There is a piece of work I’ve been following by a reporter with Business Day. He traveled to Maiduguri in the northeast of Nigeria where the Boko Haram insurgency is most serious. He went to document the stories of women who were raped by Boko Haram insurgents. It’s a moving story about the psychological torture they went through.

How do you manage stress?

I try to stay home and play with my children. I love watching football and listening to traditional Nigerian music, fuji, a lot. And I read.

We hope you enjoyed this edition of Meet the Investigators. ICIJ Insiders receive an exclusive sneak peek at behind-the-scenes content in their inbox every month, as well as invitations to regular Insiders-only chat sessions with ICIJ reporters. Find out more and join our community of Insiders here.

The post From high school social justice warrior to exposing billion-dollar corruption schemes appeared first on ICIJ.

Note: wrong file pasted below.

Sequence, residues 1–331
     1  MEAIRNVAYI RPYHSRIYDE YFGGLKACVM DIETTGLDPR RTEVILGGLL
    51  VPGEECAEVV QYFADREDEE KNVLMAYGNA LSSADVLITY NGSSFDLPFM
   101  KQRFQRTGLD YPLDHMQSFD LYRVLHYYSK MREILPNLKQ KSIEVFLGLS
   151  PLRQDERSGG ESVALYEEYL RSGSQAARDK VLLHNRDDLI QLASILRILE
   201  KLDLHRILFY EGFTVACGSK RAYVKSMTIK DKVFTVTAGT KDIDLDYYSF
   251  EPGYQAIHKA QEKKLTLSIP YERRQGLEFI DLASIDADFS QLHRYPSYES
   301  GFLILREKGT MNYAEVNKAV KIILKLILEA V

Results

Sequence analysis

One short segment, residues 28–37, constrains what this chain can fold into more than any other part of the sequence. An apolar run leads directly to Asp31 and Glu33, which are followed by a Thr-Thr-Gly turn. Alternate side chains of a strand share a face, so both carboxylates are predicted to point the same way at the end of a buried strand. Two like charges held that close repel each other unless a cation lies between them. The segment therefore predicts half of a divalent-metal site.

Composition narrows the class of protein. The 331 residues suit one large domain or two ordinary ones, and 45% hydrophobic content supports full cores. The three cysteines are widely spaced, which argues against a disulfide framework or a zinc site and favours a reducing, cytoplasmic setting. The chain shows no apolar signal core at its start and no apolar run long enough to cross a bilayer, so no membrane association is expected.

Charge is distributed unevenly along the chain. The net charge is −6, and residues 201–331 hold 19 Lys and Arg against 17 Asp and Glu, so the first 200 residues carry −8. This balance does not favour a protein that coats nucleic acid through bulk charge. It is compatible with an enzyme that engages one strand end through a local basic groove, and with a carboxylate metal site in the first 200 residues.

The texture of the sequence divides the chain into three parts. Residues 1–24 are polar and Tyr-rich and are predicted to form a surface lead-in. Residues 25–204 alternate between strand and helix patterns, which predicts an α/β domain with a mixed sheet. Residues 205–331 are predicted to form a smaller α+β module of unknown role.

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Election Integrity

Analyzing the Case for Election Fraud

Despite the overwhelming pressure, if you can’t help but feel that tingling sense of knowing that is telling you there’s more to the story, you are not alone. In fact, according to a new Rassmussen poll, nearly 50% of voters believe the election had issues. A quick look at the data blatantly shows that indeed, shenanigans abound (how can a state have 1+ million more mail-in ballots tallied than they sent out?). But was it fraud or masterful gamesmanship?

Adryenn Ashley

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The world, or at least the global media, has spoken: Biden won the 2020 Election.

UPDATED FREQUENTLY WITH NEW INFORMATION – Last update 12/21/2020

A quick Google search reveals pages upon pages of reports of why the Trump team’s assertions of vote fraud and election fraud and vote flipping are flat out fallacies. YouTube has announced a ban on any videos questioning the election results. And now on Monday all 538 electors have voted, formalizing Biden’s 306-232 win. And while there is still Congress to get through, and the inauguration, based on social media and television news and practically every other point of information bombarding society today, Biden is now the President-elect.